So it turns out that there may be a reason Svetlana knows what will happen even if she isn’t really psychic: she lived through it already. Specifically, in the 2004 Moscow production. I’m grouping her with Christine Hassid and Kenia Bernal Gonzales because they all basically play the same character, though Christine is a lot more aggressive toward the Capulets (which may just be a side effect of La Muette not existing in the other versions…yet they still keep the sign language in the Russian “Les Beaux, Les Laids” for some reason). Their characters provide an interesting counterpoint to Rosa from the Hungarian version, as while she is introduced after Romeo breaks up with her, he still seems to have something going on with these girls before he meets Juliet, and it appears to be serious enough that they still keep up hope that he’ll come back to them all the way up until “On Dit Dans La Rue.” Also, Christine is interesting to ponder because she also understudied for La Mort in the Asia Tour, which makes my mind wander with things I’ll never actually write. And, of course, Svetlana and Kenia having spoken lines in this version means my brain has labeled them as Important. Honestly, she's not even technically an OC since the Russian and Austrian versions give her a name ("Rosalina") but no one in the fandom seems to know about her so it still counts in my book (unlike Rosa/Peter/La Muette).


Antonietta Campolo, Zalina Dzutseva, Daniela Harbauer

In similar vein, we have a character who may or may not have a name depending on how you interpret the dialogue before "Les Rois du Monde" in the original (which references someone named Antonietta). Anyway, this character is played by Antonietta Campolo in French, Zalina Dzutseva (another 2010 French dancer) in Russian, and Daniela Harbauer in German (Austrian). The Russian version has another girl who actually wears Antonietta’s costume (Nadezhda Zakharova), but Zalina feels more like her counterpart (also I’m trying not to make this an eternity long). All of them are to Mercutio what the first girls I mentioned (who you’ve probably already forgotten about) are to Tybalt, though Mercutio seems to care more about them than Tybalt does for his girls. Of course, they make good cases for why they should be paired with Mercutio, since all of them have their most memorable (to me) moments during “Les Beaux, Les Laids” where they’re harassing the Nurse. In both productions, Zalina seems to have an odd preoccupation with lifting the Nurse’s skirt, Antonietta looks for a moment like the song will end with her being the one to forcibly kiss the Nurse rather than one of the boys, and Daniela gets in a lot of Capulet mocking anytime the two families share the stage. They all seem like they can evenly match the Montacrew in terms of humor, which makes it all the worse to see the inevitable visual of the girls over Mercutio's dead body.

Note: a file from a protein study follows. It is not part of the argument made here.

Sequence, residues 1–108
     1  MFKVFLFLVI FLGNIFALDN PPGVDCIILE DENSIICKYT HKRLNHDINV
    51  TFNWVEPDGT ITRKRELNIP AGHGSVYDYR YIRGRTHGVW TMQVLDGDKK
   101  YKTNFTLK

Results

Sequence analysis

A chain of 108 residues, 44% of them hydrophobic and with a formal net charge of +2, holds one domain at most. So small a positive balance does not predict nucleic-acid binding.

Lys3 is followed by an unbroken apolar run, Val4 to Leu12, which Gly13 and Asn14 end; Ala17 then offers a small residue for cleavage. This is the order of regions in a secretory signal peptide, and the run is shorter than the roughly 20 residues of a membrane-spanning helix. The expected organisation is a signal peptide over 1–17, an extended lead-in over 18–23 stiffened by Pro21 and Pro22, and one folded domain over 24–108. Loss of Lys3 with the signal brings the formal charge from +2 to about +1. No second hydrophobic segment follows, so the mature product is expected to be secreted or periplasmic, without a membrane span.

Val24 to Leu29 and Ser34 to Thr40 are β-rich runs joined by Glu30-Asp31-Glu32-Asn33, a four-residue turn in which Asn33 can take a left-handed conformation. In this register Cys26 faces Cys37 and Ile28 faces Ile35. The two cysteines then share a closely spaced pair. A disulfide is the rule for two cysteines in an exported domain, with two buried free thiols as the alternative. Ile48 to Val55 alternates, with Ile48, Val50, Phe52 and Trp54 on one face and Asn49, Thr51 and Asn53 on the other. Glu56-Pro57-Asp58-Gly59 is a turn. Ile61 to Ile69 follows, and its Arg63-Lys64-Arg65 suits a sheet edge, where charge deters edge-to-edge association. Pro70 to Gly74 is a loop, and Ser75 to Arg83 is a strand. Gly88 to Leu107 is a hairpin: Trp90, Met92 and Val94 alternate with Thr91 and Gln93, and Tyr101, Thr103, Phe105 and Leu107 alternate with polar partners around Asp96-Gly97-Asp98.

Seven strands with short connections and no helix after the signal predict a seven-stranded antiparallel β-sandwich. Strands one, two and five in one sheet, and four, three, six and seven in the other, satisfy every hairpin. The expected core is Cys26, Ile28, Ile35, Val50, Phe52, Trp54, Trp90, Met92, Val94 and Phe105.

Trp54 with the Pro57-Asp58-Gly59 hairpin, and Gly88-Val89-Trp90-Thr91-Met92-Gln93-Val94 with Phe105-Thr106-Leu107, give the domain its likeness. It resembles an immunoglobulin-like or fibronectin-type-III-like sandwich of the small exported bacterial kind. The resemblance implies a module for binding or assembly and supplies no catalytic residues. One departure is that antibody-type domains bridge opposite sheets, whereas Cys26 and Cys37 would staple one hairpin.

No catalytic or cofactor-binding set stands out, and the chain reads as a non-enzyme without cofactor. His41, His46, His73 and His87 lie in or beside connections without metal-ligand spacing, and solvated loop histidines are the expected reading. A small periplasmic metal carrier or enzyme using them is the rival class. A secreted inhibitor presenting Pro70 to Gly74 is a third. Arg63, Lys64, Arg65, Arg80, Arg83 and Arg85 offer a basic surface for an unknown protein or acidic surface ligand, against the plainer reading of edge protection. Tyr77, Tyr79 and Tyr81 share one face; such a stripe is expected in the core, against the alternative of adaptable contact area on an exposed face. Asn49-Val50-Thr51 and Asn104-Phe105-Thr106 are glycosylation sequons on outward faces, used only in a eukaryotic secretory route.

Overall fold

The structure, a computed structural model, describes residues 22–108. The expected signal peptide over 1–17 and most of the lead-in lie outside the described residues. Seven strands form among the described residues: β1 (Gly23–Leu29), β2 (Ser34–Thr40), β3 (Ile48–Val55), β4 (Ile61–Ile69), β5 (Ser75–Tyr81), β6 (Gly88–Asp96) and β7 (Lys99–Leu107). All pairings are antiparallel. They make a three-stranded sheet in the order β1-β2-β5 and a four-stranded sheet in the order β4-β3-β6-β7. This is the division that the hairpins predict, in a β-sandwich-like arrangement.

Speaking of which, the Montagues’ reactions to Mercutio’s death here also stands as a nice counterpoint to the Hungarian version, where the Capulets mourn Tybalt more deeply than the Montagues mourn Mercutio (or at least that’s how it comes across). Yes, the day has finally come where I admit that the French version did something better than the Hungarian version. I’m as shocked as you are, trust me.

Anyway, I think I may have finally run out of steam (for which we're all thankful), so I think the time has come to end this little jaunt through my own madness.